Small Business Saturday more important than ever amid COVID-19

Struggling mom and pop owners are desperately hoping for a shot in the arm during Small Businesses Saturday’s annual shopping event, but early reports of lackluster Black Friday sales are dampening expectations, as the coronavirus continues to surge in the boroughs.

Steve Bulger, Regional Administrator of the Small Business Administration urged holiday shoppers who are under quarantine or scared off by social distancing measures to find other ways to support the businesses that make up the lifeblood of their neighborhoods.

“Tri-state residents can offer it up in easy ways. First, purchasing online or over the phone. Buying gift certificates now to be used at a later date or even helping magnify your favorite small business’ online presence all will pay dividends. This support is crucial to helping New York small businesses weather the revenue and cash flow storms they are now going through due to state and local COVID-19 restrictions,” says Bulger.

On Wednesday, Mayor Bill de Blasio announced “Shop Your City,” an initiative to provide interest free loans of up to $100,000 to the city’s small businesses.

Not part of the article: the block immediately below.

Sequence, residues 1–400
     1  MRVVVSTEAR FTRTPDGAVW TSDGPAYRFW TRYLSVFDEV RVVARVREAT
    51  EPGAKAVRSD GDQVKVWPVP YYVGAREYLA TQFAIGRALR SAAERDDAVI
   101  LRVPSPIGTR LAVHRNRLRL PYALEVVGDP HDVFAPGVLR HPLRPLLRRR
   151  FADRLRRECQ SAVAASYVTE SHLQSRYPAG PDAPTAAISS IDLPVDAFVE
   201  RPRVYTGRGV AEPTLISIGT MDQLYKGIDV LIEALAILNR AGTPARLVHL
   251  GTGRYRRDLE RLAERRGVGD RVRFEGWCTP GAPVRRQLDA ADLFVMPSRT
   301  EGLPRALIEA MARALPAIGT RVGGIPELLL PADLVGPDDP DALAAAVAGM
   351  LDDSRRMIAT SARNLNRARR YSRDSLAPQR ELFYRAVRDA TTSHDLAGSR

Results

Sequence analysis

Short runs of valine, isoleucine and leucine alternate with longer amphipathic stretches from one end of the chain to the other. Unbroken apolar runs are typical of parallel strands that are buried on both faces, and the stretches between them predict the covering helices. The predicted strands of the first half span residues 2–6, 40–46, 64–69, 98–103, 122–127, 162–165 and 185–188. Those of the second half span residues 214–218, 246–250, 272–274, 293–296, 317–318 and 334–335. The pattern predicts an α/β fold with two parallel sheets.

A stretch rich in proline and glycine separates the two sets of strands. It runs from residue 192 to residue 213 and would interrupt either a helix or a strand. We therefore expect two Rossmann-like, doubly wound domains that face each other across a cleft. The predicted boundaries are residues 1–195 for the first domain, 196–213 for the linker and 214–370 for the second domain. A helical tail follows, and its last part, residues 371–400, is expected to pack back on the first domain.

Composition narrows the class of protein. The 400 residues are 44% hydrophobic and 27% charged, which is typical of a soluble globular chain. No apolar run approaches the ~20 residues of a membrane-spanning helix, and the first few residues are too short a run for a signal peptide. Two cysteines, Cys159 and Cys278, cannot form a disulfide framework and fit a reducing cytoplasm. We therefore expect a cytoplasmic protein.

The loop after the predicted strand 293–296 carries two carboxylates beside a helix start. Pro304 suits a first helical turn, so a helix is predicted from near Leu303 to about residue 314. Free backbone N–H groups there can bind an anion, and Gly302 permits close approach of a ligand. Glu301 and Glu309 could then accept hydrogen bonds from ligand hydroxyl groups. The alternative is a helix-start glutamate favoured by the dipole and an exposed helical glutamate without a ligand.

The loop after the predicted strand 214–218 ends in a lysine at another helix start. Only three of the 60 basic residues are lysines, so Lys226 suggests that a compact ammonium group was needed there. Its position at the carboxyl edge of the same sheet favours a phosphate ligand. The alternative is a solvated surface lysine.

Business owners can apply for a piece of the 35 million dollar program beginning on Nov. 30.

“Shop your city, shop your neighborhood. It makes a huge difference,” de Blasio said Wednesday.

“We’re talking about small businesses people built with their own hands, with all their sweat and all their tears to make it finally work. And now, we’re seeing these businesses threatened. We’ve lost so many, more are threatened.”

Bulger says any help is “welcome and appreciated,” but adds, “$35 million is a tiny drop in the bucket of what’s really required.”

Many non-essential small businesses like restaurants, bars, salons and gyms are facing the possibility of imminent closures amid a second wave of the virus.

Positive testing rates are expected to rise in the weeks following Thanksgiving, and small businesses in any area designated a red zone will be forced to close.

A summer report from The Partnership for New York City found that a third of the 230,000 small businesses could be driven out of businesses as foot traffic and tourism grinded to a standstill during the pandemic.

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